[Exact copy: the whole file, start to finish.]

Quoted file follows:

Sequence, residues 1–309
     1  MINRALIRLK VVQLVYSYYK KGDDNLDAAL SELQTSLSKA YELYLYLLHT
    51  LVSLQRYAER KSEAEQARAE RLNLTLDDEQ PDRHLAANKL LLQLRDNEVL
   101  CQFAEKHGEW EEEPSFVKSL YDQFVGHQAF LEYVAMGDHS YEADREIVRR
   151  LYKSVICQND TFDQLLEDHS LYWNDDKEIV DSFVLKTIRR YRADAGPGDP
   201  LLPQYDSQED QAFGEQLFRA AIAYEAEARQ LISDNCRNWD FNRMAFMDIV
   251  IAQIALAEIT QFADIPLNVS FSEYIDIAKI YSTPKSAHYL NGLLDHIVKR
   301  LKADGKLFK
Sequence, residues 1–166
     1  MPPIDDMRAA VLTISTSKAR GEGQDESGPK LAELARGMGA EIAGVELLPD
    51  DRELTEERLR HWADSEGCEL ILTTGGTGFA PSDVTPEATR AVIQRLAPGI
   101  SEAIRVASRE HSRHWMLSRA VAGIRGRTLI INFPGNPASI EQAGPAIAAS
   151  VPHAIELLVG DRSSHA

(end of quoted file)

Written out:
Sequence, residues 1–309
     1  MINRALIRLK VVQLVYSYYK KGDDNLDAAL SELQTSLSKA YELYLYLLHT
    51  LVSLQRYAER KSEAEQARAE RLNLTLDDEQ PDRHLAANKL LLQLRDNEVL
   101  CQFAEKHGEW EEEPSFVKSL YDQFVGHQAF LEYVAMGDHS YEADREIVRR
   151  LYKSVICQND TFDQLLEDHS LYWNDDKEIV DSFVLKTIRR YRADAGPGDP
   201  LLPQYDSQED QAFGEQLFRA AIAYEAEARQ LISDNCRNWD FNRMAFMDIV
   251  IAQIALAEIT QFADIPLNVS FSEYIDIAKI YSTPKSAHYL NGLLDHIVKR
   301  LKADGKLFK
Sequence, residues 1–166
     1  MPPIDDMRAA VLTISTSKAR GEGQDESGPK LAELARGMGA EIAGVELLPD
    51  DRELTEERLR HWADSEGCEL ILTTGGTGFA PSDVTPEATR AVIQRLAPGI
   101  SEAIRVASRE HSRHWMLSRA VAGIRGRTLI INFPGNPASI EQAGPAIAAS
   151  VPHAIELLVG DRSSHA